- by Annie Mesaros -
For most of my life, I have taken scripture for granted. Not only the pages and words themselves, but the cultural implications embodied in the reading and understanding of it. It’s obvious that Jesus and his group of misfit sidekicks live in a very different culture from my own, I mean, obviously, but I viewed that as an experience limited to two cultures: mine and theirs. That is, until I lived in Papua, the far eastern reaches of Indonesia, for a year, where as an outsider I could take nothing for granted.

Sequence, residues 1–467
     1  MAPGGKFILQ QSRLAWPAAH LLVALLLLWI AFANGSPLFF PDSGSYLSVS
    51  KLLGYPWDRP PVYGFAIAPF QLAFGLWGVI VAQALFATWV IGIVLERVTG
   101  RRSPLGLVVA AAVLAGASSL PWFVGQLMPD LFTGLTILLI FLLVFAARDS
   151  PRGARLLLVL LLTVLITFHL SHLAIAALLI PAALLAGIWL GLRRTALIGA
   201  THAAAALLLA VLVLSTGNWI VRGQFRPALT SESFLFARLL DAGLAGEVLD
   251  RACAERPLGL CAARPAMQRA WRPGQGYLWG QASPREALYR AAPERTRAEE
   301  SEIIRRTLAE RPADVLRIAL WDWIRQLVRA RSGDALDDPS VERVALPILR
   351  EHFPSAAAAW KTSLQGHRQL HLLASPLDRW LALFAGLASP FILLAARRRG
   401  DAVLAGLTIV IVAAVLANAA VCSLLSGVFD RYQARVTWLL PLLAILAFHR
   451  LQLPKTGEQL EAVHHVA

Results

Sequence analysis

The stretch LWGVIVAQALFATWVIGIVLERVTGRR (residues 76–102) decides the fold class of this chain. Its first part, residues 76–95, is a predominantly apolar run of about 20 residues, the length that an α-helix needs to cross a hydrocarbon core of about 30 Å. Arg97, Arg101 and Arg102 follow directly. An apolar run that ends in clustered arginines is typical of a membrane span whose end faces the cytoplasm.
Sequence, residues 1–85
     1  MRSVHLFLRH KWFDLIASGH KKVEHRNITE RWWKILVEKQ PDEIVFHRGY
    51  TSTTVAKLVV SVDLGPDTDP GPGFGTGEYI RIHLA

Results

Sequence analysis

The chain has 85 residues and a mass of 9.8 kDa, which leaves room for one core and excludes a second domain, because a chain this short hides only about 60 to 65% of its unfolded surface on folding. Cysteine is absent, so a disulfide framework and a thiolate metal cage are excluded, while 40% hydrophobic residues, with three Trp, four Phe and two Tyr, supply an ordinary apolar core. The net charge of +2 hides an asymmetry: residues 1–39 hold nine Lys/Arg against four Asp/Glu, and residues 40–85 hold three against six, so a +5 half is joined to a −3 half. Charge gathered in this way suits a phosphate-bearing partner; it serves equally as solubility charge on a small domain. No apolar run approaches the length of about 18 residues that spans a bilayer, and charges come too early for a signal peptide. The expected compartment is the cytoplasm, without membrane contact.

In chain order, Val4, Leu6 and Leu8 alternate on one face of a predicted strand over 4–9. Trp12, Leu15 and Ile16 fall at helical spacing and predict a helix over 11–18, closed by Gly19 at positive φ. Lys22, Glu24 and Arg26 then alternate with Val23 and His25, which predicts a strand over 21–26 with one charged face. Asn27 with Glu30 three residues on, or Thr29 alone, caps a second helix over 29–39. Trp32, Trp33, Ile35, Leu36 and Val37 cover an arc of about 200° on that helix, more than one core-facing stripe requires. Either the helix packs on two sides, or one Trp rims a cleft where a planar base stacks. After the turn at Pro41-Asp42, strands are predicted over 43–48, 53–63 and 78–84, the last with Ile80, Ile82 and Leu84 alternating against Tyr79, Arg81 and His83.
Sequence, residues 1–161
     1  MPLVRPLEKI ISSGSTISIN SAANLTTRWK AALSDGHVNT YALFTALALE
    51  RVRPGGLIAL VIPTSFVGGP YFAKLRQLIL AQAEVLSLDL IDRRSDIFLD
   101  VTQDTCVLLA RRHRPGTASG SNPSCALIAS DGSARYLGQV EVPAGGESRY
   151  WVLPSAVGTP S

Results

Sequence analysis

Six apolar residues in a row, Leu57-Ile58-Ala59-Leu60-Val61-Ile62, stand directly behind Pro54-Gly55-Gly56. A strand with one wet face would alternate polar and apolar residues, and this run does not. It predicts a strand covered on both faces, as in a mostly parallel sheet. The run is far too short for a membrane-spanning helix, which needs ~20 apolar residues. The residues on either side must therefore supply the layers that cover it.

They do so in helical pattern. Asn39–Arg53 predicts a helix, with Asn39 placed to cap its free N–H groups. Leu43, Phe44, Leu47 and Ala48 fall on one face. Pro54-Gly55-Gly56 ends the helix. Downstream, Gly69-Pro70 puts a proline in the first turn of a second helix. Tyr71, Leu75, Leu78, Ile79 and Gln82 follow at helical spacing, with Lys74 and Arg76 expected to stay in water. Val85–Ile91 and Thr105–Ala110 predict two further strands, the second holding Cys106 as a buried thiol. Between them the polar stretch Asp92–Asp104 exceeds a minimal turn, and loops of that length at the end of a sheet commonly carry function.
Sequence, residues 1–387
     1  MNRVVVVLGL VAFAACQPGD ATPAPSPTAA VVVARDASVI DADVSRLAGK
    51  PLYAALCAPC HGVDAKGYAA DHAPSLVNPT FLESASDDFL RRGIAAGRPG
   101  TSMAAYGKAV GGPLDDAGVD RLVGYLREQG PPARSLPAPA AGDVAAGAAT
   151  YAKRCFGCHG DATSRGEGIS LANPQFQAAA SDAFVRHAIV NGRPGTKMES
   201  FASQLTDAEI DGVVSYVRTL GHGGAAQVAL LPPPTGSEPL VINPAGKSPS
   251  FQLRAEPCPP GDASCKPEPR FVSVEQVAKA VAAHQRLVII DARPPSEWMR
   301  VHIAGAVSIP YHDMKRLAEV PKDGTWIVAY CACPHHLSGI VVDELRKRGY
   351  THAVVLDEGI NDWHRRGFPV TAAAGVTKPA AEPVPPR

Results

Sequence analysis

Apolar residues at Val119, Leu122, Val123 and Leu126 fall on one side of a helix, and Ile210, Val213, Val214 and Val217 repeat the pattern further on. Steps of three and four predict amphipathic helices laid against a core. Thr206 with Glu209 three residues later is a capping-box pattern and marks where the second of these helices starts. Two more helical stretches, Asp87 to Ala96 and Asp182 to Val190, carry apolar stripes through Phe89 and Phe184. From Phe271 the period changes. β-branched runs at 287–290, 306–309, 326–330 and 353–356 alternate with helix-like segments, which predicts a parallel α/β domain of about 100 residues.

The Christians I lived, worked, and worshipped with there brought their own cultural understanding to the gospel and helped me realize that I do the same. I can’t help it, we all do.
We’re reading the same book, translated by different people with different cultural biases and worldviews, and living it out in ways that make sense to us, which is sometimes different from one another and sometimes not. And yet none of us are “more Christian” than another (whatever that means, but it seems to be a twisted value many of us hold).
This mural is on the wall behind the pulpit at the church I attended in Abepura, Papua:
The Last Supper, depicted with disciples of different ethnicities and genders. The astute viewer may have noticed there are only eleven disciples. Where is the twelfth? It’s me. (Or in your case, you.)